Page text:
GE Healthcare is accelerating deep learning with medical imaging at the point of care.
Intel and GE Healthcare are teaming up to deliver artificial intelligence (AI) solutions across multiple medical imaging formats to help prioritize and streamline patient care. By leveraging the Intel Distribution of OpenVINO toolkit running on Intel® processor-based X-ray systems, GE Healthcare is accelerating deep learning with medical imaging at the point of care. Using this system, X-ray technologists, critical care teams and radiologists will be immediately notified to review critical findings that may accelerate patient diagnosis.
“With the OpenVINO toolkit running on existing Intel processors, in early testing GE Healthcare achieved a 3.3 times improvement in deep learning optimization, which enables early prioritization and escalation of critical conditions to ensure faster treatment for our patients. Intel technologies will enable GE Healthcare to extend AI solutions across multiple imaging modalities to transform radiologist workflows and patient care,” stated Keith Bigelow, SVP of Edison Portfolio Strategy, GE Healthcare.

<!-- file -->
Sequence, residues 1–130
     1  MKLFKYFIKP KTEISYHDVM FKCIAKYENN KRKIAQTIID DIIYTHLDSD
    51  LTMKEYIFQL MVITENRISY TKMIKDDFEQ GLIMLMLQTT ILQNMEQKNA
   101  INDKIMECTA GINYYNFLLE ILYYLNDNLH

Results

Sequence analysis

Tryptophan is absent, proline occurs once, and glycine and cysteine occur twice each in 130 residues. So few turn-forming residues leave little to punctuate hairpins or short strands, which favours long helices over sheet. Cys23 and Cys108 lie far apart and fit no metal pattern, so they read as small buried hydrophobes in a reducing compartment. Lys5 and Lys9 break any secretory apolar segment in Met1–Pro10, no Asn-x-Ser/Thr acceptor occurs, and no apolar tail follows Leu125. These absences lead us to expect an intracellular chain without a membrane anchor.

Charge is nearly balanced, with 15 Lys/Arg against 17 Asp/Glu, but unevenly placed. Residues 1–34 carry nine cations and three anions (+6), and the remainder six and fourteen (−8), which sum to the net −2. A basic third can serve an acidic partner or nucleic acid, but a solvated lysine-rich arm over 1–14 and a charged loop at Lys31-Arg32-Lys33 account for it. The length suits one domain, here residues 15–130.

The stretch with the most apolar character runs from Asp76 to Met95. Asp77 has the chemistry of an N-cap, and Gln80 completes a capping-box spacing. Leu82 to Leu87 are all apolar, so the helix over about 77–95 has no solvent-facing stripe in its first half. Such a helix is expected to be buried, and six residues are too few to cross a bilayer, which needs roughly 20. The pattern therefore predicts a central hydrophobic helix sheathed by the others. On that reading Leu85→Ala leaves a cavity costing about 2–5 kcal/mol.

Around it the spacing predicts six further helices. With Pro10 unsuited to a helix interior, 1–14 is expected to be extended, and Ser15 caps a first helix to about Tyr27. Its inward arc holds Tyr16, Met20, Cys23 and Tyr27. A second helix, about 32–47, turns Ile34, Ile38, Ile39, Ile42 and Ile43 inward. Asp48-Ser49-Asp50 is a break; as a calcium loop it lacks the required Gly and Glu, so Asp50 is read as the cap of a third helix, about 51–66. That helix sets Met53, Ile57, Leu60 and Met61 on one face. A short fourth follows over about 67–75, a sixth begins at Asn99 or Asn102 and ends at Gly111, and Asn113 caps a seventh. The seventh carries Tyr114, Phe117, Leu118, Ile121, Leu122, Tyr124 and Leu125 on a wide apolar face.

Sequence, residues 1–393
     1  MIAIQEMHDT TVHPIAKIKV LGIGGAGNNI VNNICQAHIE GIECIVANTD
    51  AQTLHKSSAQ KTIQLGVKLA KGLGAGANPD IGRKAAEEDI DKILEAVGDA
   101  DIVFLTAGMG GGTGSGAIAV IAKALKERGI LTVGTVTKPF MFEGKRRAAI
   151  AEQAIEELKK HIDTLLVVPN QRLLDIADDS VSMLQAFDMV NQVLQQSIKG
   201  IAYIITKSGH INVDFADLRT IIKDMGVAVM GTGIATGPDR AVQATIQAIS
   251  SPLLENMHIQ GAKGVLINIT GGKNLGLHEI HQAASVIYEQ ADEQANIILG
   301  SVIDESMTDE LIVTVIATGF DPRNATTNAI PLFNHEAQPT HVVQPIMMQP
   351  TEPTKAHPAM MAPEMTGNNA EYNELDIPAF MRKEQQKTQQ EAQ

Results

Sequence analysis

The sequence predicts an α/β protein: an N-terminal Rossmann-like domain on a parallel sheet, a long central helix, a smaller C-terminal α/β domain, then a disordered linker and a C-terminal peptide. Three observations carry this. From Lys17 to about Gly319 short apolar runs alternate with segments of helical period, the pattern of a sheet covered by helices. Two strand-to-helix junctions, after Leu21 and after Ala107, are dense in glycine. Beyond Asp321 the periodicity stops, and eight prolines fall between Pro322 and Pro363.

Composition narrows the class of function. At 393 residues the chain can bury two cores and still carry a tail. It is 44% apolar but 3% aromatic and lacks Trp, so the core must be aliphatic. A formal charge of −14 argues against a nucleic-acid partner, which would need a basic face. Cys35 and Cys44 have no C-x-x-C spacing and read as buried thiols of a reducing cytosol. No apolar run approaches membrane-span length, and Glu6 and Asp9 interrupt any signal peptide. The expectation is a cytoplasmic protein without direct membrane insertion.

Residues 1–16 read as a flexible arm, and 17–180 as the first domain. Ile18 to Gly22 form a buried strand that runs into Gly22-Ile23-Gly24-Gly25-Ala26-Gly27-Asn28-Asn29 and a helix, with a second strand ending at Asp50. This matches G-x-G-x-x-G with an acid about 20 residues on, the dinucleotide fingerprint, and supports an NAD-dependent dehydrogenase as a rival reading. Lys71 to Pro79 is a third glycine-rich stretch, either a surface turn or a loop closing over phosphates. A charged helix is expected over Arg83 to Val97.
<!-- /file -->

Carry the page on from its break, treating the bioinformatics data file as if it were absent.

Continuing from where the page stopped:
By deploying deep learning solutions on existing infrastructure, optimized with Intel AI software solutions, GE Healthcare has the potential to power more efficient and effective care, enhance decision-making, and drive greater value for patients and providers.
One key implementation of this technology is providing earlier detection of a collapsed lung, also known as “pneumothorax” – a potentially life-threatening event. Radiologists can now deploy optimized predictive algorithms that scan for and detect pneumothorax within seconds at the point of care, allowing rapid response and reprioritization of an X-ray for clinical diagnosis.
In early testing, when GE Healthcare employed the OpenVINO toolkit on its pneumothorax models, pneumothorax detection on its Intel processor-based X-ray system accelerated by 3.3 times compared with models without OpenVINO toolkit optimizations. Optimizations improved performance across models, with the pneumothorax model receiving the most benefit. Overall pneumothorax detection dropped from just over three seconds to within seconds.
Medical imaging is the largest and fastest-growing data source in the healthcare industry. It accounts for 90 percent of all healthcare data – and more than 97 percent of it goes unanalyzed or unused1. Before now, processing this massive volume of medical imaging data could lead to longer turnaround times from image acquisition to diagnosis to care. Meanwhile, patients’ health could decline while they wait for diagnosis. Especially when it comes to critical conditions, rapid analysis and escalation is essential to accelerate treatment.